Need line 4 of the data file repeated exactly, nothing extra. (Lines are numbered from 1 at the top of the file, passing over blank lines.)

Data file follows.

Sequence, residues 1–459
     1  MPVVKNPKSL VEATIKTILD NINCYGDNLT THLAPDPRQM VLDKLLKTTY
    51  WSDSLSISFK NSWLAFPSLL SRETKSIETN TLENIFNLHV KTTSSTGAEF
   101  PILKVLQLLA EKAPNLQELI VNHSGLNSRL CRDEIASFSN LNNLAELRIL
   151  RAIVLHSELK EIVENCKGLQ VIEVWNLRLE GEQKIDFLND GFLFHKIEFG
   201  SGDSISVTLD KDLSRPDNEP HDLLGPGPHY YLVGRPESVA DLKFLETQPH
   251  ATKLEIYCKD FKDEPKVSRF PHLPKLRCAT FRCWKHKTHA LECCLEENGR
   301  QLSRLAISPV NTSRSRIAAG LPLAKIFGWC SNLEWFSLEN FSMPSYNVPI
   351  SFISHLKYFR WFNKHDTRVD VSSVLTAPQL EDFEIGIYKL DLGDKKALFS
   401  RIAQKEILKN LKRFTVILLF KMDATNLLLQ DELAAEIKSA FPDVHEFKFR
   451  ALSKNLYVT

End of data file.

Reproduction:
   101  PILKVLQLLA EKAPNLQELI VNHSGLNSRL CRDEIASFSN LNNLAELRIL